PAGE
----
Furnish for Functionality

Furniture should be inviting and functional. A double-headed microscope can convey that you are open to teaching and meeting in your office. If a double-headed scope isn’t an option, you can get equipped for a live view to an extra monitor, so colleagues and patients can see the slides, whether glass or digital. Just make sure your microscope and monitors don’t wall you off and block conversation with visitors. Enlist a cable organizer to help you avoid a rats’ nest of wires. If you have a large enough office, consider adding a side table and a couple chairs for a more conversational meeting option as opposed to you stationed behind your desk. Adding a lamp can add some warmth and hominess, if so desired.

Keep Refreshments on Hand

If a break room is not readily available, stocking snacks and soda or water for visitors conveys a strong, welcoming message. You may opt for a small dorm-style refrigerator, or just a jar or two of snacks to share—candy, cookies, nuts, etc. If you’re a coffee lover with a Keurig machine, keep a couple of extra mugs for guests. And speaking of the ubiquitous coffee mug, is there any subliminal, or obvious, message you want to send there? Coffee mugs are also a fun way to show some personality.

Bring the Outside In

Do you enjoy nature or have a green thumb? Flowers and plants, particularly low maintenance choices such as succulents or air plants that don’t need much water, can help liven up any space. Those without windows could consider wall hangings of the outdoors or even a faux window complete with curtains and a background image that changes with the seasons. For those who suffer from seasonal affective disorder, investing in a light therapy lamp could lift your mood in the winter.

Display Availability on Your Door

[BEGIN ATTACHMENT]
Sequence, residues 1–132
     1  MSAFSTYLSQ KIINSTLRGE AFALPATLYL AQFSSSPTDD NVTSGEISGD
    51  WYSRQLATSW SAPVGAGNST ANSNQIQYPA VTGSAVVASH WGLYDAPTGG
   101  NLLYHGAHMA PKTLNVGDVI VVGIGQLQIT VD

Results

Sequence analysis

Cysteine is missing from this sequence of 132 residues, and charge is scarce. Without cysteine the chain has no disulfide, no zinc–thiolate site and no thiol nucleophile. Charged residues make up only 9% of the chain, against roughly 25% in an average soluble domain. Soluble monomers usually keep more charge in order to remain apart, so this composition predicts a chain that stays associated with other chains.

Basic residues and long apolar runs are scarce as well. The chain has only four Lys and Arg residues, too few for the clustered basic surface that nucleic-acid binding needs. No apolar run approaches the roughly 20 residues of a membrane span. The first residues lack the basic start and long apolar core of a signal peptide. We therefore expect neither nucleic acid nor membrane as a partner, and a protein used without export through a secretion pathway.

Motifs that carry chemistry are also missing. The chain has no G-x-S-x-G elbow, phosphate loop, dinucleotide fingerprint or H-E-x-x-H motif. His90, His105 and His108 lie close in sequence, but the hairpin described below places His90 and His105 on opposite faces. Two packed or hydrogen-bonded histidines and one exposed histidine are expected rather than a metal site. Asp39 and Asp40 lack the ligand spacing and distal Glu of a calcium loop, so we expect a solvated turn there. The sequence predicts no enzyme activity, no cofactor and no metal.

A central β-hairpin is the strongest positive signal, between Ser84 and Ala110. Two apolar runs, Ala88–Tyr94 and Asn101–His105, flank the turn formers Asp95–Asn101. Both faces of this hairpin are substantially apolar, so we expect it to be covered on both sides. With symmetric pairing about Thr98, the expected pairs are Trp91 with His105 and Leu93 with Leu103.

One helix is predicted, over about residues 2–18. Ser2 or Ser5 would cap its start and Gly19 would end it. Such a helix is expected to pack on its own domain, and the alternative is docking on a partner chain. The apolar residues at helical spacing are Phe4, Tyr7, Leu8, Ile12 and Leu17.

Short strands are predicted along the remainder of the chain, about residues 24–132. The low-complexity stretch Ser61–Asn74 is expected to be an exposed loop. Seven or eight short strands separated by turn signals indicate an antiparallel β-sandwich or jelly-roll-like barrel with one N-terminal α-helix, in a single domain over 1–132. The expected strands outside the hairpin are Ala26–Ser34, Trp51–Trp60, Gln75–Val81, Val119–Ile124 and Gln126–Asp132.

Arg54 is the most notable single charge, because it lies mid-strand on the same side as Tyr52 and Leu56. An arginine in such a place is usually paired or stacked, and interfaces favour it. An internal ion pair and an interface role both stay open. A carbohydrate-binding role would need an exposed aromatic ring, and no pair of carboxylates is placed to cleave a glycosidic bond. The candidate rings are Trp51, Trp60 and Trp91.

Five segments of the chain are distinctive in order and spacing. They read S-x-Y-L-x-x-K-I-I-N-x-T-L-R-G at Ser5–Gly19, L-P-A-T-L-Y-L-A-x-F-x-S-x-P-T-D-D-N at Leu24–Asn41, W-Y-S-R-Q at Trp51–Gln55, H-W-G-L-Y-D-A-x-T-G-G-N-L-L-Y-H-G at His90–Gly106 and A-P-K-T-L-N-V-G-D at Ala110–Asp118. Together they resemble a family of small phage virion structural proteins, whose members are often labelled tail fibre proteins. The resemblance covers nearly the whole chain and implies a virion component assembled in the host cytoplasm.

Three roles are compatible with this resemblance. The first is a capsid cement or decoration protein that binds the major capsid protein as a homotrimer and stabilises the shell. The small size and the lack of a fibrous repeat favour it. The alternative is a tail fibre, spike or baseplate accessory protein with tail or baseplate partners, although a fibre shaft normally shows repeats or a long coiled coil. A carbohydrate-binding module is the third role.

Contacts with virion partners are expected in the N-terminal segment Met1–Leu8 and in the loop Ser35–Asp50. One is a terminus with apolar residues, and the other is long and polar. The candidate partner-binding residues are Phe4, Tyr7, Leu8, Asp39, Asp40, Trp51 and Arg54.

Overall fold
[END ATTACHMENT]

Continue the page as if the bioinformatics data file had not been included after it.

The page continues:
What about your office door? Do you want to keep your office door open or closed? Consider posting notes or signs on your door regarding your hours or where you can be reached if out of the office. Some folks use a Velcro dot and laminated cards to let people know when they are not to be disturbed or are away. Is it clear how someone can leave a message for you? 

Your work space is a reflection of you and communicates quite a bit, whether you and everyone else realizes it. It’s also where you’ll be spending a good amount of your time. So, make the most of your (work) home away from home, and have some fun making it your own!


Eric F. Glassy, MD, FCAP
Eric F. Glassy, MD, FCAP is a community pathologist in Los Angeles and a member of Affiliated Pathologists Medical Group, a 40 person independent pathology group. He is a Governor of the CAP and a Trustee of the American Board of Pathology. His interests include digital pathology, informatics, and graphic design.
Roseann I. Wu, MD, MPH, FCAP, is a staff pathologist and assistant professor of clinical pathology & laboratory medicine at the Perelman School of Medicine/University of Pennsylvania Health System in Philadelphia. She has clinical and educational responsibilities in cytopathology, breast and pulmonary surgical pathology, and medical pathology. Her interests include fine-needle aspiration, organized pathology, and innovative ways to deliver pathology education.